Ieme van der Poel, born in Amsterdam, the Netherlands, in 1949. Ph.D. from the University of Amsterdam. Professor of French Literature at the University of Amsterdam.
Fellow (1 September 2005 – 30 June 2006)
BETWEEN THE THEORETICAL AND THE PERSONAL: THE WRITINGS OF JULIA KRISTEVA
My current research focuses on two topics: the study of (post) colonial literature in French, and the writings of the French critic and psychoanalist Julia Kristeva. My stay at NIAS allowed me to finalize a two volume book, entitled: Congo-Océan (1921-1934): Un chemin de fer colonial controversé (Paris, L’Harmattan, 2006). My approach to the history of the Congo-Océan railway is twofold. Firstly, I recreated the intellectual debate about the building of the railway, a public enterprise in which between 18,000 and 20,000 black workers lost their lives, according to the French (colonial) press between 1925 and 1934. Among the major players in the debate, we find the names of André Gide, Georges Simenon, and a black writer, René Maran. Secondly, I analyzed the different ways in which the story of the Congo-Océan railway has been recreated in contemporary works of fiction, from Aimé Césaire to Emmanuel Dongala. From 28-30 October 2005, I also organised an international expert meeting at NIAS on “Transcolonialism: The future of Postcolonial Studies from a Comparative Perspective.” As a follow-up of this extremely fruitful event, a next meeting is planned in London in 2007.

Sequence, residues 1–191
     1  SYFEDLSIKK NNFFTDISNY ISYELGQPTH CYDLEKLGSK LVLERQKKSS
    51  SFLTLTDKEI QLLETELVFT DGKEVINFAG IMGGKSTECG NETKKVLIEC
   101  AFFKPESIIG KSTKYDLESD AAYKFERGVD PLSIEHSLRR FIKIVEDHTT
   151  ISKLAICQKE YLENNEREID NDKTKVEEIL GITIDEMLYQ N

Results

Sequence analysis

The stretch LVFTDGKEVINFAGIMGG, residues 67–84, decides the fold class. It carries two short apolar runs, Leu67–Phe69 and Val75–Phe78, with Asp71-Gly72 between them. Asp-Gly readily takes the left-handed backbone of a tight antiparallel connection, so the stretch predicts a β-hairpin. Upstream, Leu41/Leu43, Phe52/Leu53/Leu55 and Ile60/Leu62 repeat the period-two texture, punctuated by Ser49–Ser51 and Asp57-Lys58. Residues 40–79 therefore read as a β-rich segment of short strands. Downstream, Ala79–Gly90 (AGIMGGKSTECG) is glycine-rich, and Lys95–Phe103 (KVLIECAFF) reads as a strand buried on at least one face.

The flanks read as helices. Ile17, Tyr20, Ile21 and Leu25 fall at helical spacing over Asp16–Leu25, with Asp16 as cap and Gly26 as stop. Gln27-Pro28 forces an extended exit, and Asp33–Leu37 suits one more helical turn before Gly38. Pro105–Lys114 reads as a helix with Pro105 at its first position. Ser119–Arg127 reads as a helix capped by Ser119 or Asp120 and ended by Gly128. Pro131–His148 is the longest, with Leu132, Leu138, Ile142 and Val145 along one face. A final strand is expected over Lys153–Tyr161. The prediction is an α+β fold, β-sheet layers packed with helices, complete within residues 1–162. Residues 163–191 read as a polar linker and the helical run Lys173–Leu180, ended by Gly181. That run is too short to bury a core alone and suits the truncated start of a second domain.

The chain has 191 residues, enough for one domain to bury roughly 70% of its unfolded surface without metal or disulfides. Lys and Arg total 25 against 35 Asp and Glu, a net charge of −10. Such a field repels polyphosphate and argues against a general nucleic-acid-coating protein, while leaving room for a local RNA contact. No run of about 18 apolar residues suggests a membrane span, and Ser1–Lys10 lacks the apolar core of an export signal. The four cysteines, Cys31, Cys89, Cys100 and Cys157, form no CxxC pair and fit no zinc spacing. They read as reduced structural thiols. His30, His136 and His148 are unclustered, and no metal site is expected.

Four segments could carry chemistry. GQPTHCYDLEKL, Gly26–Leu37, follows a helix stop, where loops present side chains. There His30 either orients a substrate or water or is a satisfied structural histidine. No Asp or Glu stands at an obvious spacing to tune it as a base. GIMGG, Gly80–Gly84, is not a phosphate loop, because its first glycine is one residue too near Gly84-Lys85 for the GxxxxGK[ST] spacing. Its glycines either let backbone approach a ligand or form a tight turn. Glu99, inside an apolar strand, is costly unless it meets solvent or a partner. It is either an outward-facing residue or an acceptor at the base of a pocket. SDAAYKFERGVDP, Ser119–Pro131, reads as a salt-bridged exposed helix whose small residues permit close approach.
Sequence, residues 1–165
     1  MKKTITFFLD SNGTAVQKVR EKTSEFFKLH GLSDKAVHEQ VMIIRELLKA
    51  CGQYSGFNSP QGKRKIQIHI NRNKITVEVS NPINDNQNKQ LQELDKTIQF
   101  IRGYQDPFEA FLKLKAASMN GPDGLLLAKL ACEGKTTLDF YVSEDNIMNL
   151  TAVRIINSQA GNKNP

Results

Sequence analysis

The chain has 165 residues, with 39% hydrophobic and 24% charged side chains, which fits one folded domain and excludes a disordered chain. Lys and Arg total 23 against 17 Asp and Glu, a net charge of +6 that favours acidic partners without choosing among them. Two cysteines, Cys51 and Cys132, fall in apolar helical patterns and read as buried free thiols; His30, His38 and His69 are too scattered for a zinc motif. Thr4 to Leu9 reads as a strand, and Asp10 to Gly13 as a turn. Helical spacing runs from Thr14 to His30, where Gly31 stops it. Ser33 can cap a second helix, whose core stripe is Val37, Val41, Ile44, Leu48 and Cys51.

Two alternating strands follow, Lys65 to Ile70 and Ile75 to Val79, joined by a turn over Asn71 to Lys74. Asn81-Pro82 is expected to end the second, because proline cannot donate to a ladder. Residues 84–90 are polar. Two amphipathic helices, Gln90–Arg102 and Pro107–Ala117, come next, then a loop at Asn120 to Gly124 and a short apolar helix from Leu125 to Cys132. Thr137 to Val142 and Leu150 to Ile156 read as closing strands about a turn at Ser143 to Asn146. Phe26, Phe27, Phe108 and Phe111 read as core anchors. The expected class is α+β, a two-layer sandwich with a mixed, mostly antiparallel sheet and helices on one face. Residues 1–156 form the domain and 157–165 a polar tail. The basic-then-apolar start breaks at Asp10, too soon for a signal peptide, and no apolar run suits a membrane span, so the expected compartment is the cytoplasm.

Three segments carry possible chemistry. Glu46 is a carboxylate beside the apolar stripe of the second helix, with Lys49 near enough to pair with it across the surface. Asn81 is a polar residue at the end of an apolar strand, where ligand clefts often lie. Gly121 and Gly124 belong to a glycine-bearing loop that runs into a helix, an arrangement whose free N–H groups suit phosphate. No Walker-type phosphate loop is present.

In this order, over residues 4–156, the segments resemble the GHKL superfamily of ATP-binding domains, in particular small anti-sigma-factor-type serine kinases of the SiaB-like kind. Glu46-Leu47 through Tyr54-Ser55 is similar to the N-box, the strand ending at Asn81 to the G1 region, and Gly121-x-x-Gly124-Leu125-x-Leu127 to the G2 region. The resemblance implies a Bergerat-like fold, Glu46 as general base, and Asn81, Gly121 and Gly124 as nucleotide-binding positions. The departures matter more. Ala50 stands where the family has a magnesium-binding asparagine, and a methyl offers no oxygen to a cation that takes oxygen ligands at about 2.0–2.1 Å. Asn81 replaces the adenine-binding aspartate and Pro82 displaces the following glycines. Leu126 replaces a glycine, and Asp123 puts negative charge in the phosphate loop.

Due to these and other activities within the field of postcolonial studies, I had to change my initial plan to dedicate the entire year at NIAS to write a monograph on the French critic and psychoanalist Julia Kristeva. I nevertheless managed two write two new chapters: one on the idea of the maternal in her writings and one on the ‘Imaginary Father’. Besides and quite unexpectedly, one of the NIAS fellows from Bulgaria provided me with very interesting new material (partly in Bulgarian, which she was so kind to translate for me), which will form the basis for the final chapter of the book. In this chapter I will discuss the different ways in which Kristeva’s theoretical work has been received in France, in the English-speaking world and in her native land, Bulgaria.